Madness in the Method?


Uber has ordered 24K self driving Volvo SUVs.

Forget that self-driving without a human monitor is not legal in most jurisdictions.  Assume Uber can rapidly obtain local approval for self driving vehicles. Assume it can cut its labor cost and sidestep its pending fight over whether its drivers are contract or employee.  Assume that by developing its own software controls for these Volvos it can customize successfully to locale and traffic patterns.

What I see is this:  Uber is banking its future on an asset base that will be pretty much worthless in 3-5 years.

I see that as a billion dollars blown every three years.  I see that as Uber having to build and staff and manage its own expert maintenance yards because it is using proprietary software, or having to contract that out at a premium.

It might be a workable model, but it is a HUGE gamble.  Yes or No?





Loony Lefty Jill Stein – Russia, Part Deux

Loony Lefty Jill Stein and the Russian influence investigation

Who is this loony? She claimed:

1] There are “real questions” about whether vaccines cause autism in children.

2] wi-fi in schools might be harming kids.

Her dependence on RT was notable:

3] RT regular Ajamu Baraka, who slammed the “gangster states of NATO,” was her choice for VP.

4] The only network to consistently cover her candidacy and invite her on air was RT.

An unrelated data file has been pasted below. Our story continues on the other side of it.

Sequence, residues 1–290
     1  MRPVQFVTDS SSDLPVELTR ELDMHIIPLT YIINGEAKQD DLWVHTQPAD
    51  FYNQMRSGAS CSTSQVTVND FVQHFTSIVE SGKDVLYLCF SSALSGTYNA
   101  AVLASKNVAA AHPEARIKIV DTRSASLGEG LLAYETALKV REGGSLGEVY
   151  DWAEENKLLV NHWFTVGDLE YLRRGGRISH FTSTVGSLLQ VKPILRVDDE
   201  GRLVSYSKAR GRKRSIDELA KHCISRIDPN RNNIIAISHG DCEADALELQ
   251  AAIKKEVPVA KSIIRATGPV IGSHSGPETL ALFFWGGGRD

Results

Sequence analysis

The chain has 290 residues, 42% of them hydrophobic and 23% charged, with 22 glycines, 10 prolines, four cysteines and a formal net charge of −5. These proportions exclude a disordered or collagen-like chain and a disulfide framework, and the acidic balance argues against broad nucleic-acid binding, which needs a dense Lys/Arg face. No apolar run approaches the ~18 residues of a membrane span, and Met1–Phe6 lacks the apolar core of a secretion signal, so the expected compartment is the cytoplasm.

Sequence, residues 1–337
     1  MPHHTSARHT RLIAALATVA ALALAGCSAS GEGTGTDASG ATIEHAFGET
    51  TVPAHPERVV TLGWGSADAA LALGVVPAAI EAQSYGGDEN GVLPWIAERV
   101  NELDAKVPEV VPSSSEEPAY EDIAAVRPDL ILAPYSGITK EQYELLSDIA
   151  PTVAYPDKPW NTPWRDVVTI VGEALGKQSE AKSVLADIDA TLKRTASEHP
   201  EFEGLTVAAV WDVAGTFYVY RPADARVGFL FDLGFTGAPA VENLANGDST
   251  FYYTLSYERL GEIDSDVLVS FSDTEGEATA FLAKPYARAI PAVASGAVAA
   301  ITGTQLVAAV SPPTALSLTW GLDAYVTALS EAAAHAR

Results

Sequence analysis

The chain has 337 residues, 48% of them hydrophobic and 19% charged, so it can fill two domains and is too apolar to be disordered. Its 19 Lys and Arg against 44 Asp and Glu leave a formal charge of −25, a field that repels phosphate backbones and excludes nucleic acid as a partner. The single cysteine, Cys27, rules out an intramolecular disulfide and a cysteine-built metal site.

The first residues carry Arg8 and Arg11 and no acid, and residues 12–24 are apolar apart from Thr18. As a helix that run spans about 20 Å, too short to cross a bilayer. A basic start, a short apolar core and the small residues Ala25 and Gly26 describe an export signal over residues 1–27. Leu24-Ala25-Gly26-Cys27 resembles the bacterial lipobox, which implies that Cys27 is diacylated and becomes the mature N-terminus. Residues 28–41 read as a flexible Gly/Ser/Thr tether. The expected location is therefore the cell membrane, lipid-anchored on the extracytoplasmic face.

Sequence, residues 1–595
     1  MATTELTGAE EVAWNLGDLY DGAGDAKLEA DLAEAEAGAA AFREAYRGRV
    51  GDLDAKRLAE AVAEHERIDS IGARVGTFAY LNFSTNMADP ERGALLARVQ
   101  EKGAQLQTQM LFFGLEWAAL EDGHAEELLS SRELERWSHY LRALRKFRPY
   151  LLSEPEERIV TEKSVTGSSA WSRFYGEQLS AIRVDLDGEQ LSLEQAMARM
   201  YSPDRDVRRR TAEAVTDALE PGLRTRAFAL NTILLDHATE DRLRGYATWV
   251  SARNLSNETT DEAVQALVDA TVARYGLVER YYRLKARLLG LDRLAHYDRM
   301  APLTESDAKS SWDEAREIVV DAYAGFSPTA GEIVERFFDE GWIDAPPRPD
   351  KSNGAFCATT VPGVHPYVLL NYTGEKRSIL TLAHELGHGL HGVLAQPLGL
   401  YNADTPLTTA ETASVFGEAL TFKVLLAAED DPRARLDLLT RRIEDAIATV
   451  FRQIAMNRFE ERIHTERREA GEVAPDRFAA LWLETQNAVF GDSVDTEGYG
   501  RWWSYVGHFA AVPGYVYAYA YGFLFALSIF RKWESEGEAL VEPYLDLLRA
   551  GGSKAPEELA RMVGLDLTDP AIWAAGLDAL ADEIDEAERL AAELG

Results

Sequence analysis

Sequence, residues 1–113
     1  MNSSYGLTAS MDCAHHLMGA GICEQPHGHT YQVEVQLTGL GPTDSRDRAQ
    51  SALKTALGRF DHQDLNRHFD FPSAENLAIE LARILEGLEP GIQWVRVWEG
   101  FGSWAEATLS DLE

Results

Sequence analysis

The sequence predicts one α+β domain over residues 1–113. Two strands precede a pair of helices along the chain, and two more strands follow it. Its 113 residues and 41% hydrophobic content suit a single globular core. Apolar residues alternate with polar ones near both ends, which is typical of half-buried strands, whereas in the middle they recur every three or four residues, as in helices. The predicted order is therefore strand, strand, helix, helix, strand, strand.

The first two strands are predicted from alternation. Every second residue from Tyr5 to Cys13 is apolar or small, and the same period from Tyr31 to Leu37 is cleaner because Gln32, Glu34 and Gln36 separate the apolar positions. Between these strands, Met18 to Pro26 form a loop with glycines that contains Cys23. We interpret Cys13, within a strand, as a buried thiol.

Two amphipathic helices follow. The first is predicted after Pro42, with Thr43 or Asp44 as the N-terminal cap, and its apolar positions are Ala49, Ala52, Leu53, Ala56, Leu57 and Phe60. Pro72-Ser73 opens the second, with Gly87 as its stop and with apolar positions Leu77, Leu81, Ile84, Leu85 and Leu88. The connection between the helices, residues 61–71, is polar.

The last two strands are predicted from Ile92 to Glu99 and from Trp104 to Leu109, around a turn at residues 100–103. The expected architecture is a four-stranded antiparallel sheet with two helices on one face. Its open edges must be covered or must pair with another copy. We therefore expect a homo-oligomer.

5] RT hosted a primary debate for the Green Party.

6] She travelled to Russia in 2015 to attend that dinner where Putin lauded Flynn.

7] Shortly before that she attended an RT event and met with the Ambassador.

8] Claimed no knowledge of how and why Assange addressed the Green Convention on closed circuit to promote the wikileaks/Russian exposure of DNC emails.

9] Pretty much spouted the Russian lines about HRC throughout the campaign.

Now she claims that Senate committee interest in her Russian ties is an attempt to smear her and that she sees no evidence of Russian interference during the campaign season, because the intelligence community is often wrong.

Back in the day when the only foreign money in an American campaign was Canadian, MX, or Brit, generally from investors in multinational sellers like Schenley’s and Molson’s and Dos Equis, and generally to both parties, this was all tolerable. It was during the Clinton-Dole race when Chinese and Indian money went to Clinton and Saudi money to Dole in very big sums that we saw how campaigns could be bent and beholden. The Russians knew that this loony was a spoiler on the margins, and they knew that DJT was not a cold warrior R. Their objective was disruption and fragmentation of their adversary, and they could pick a D next time if it suited them, which it might well, against a traditional R.

I don’t know how we can possibly stop it from happening again. But somehow, keeping anti-American, as opposed to simply commercial, interests out of our campaigns would be a good thing. My guess is that the best we can do is continuing exposure.